Over the last three decades, new ideas evolved on how to find missing children in a far-reaching manner. After the disappearance of Etan Patz in New York, photos of him began appearing on milk cartons in the 1980s. Then in the 1990s, the AMBER Alert system was created and timely notices were distributed through mass media via radio stations, television stations, and billboards. This system was also implemented across several countries. Now, as technology shifts again, the Internet is playing an increasing role in tracking down missing children on an even wider scale.
The Missing Children Society of Canada created a campaign called the World’s Most Valuable Social Network that asks people to donate their Facebook and Twitter feed to send notices of missing children. Each time a child goes missing, an alert would be sent automatically to the user’s donated accounts. The messages are geo-targeted and mobile-friendly so that a user in Toronto, for example, would see the alerts in that surrounding area first.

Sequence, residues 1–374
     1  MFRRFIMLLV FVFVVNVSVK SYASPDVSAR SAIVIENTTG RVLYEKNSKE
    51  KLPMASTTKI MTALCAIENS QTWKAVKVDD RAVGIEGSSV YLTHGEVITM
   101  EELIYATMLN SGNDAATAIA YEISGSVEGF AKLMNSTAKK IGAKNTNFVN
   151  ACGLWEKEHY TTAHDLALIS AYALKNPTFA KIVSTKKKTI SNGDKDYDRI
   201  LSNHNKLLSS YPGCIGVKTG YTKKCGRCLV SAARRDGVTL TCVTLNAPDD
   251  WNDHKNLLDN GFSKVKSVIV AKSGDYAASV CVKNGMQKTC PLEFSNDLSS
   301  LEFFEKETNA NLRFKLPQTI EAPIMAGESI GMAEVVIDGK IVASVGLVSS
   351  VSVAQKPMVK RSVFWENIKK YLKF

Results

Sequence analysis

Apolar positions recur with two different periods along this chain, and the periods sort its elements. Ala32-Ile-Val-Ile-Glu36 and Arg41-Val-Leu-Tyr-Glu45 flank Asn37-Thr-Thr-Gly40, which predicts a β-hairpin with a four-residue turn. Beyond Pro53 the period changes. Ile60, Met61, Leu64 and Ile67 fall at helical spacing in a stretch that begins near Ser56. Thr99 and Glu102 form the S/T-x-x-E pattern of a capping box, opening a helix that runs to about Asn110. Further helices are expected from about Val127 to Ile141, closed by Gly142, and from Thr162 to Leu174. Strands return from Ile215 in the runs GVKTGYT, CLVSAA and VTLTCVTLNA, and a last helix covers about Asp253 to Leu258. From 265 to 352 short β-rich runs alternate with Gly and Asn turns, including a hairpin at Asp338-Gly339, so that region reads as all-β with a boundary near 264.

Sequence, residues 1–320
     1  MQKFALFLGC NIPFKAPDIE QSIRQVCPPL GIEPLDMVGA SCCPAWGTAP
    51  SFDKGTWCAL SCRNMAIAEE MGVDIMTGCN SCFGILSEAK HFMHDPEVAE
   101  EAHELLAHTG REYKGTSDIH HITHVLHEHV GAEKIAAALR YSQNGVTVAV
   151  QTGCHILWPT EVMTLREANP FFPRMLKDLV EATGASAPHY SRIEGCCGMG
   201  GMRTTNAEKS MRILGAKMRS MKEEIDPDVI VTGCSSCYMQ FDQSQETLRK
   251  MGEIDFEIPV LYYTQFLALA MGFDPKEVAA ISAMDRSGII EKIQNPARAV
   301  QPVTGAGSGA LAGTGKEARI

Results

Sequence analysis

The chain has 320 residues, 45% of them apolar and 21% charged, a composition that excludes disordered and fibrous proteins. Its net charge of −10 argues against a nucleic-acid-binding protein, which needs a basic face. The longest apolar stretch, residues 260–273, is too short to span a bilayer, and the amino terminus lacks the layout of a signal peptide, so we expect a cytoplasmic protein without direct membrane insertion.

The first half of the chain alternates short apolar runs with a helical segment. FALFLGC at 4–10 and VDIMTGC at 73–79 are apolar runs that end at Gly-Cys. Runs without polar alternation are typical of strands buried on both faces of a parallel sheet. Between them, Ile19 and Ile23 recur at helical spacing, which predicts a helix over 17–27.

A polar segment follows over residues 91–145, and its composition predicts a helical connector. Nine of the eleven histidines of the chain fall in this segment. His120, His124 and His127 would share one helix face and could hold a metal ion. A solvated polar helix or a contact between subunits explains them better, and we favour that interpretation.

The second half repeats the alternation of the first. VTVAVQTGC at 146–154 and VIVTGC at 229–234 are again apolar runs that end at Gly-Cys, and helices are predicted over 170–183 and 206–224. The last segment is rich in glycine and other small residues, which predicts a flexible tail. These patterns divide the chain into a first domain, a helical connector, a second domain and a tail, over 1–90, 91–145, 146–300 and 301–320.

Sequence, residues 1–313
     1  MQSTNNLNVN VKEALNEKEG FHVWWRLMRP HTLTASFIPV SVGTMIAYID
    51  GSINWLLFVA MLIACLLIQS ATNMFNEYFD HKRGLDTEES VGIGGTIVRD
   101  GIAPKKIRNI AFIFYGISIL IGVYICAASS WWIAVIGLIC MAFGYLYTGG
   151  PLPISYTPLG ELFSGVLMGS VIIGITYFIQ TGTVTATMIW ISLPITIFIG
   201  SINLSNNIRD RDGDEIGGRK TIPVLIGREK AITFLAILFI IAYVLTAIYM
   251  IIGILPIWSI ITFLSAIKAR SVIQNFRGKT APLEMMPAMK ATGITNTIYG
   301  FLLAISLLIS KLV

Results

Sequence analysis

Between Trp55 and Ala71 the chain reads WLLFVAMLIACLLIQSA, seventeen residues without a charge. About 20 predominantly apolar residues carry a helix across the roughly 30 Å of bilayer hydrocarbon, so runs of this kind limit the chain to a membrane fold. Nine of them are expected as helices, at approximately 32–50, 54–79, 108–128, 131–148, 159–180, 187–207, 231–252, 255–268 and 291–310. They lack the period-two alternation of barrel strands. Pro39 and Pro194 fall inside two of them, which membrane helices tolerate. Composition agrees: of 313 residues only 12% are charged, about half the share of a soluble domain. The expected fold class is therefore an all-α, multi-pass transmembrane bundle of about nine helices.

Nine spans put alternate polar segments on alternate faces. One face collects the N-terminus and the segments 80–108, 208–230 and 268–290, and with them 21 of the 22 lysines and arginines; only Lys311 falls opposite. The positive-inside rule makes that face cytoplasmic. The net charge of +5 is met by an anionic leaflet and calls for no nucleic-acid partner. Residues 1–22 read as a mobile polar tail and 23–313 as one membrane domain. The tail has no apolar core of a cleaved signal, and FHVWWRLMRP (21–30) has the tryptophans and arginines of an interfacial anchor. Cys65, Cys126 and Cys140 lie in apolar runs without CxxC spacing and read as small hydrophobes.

According to the group, over 50,000 children are reported missing in Canada every year. The campaign has been dubbed the “first ever online community search party” for missing kids.
In Europe, the NotFound project hopes to use the Internet’s 404 pages to find missing children. A website owner can alter their code to display missing children information in place of a 404 “not found” page. The page would display a photo of the missing child, their age, and the location and date they went missing. The application also displays “cold cases” where children have been missing for years, and uses aging software to speculate how the person would look like today.
The project was launched in fall by the Belgian charity Child Focus in collaboration with Missing Children Europe. Since launching, over one million missing children ads were shown on the 404 page, according to NotFound’s Twitter account.
At the moment, the application only shows missing children in Belgium, but will support several other European countries as well as the U.S. and Canada in the future.
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